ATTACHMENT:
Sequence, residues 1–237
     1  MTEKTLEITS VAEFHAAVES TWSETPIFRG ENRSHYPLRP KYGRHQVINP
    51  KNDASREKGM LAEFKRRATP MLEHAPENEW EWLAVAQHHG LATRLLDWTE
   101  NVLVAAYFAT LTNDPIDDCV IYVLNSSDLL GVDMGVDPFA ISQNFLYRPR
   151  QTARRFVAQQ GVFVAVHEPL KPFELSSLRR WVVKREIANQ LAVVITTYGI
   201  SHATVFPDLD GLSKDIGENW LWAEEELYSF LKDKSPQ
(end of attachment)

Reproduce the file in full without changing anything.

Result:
Sequence, residues 1–237
     1  MTEKTLEITS VAEFHAAVES TWSETPIFRG ENRSHYPLRP KYGRHQVINP
    51  KNDASREKGM LAEFKRRATP MLEHAPENEW EWLAVAQHHG LATRLLDWTE
   101  NVLVAAYFAT LTNDPIDDCV IYVLNSSDLL GVDMGVDPFA ISQNFLYRPR
   151  QTARRFVAQQ GVFVAVHEPL KPFELSSLRR WVVKREIANQ LAVVITTYGI
   201  SHATVFPDLD GLSKDIGENW LWAEEELYSF LKDKSPQ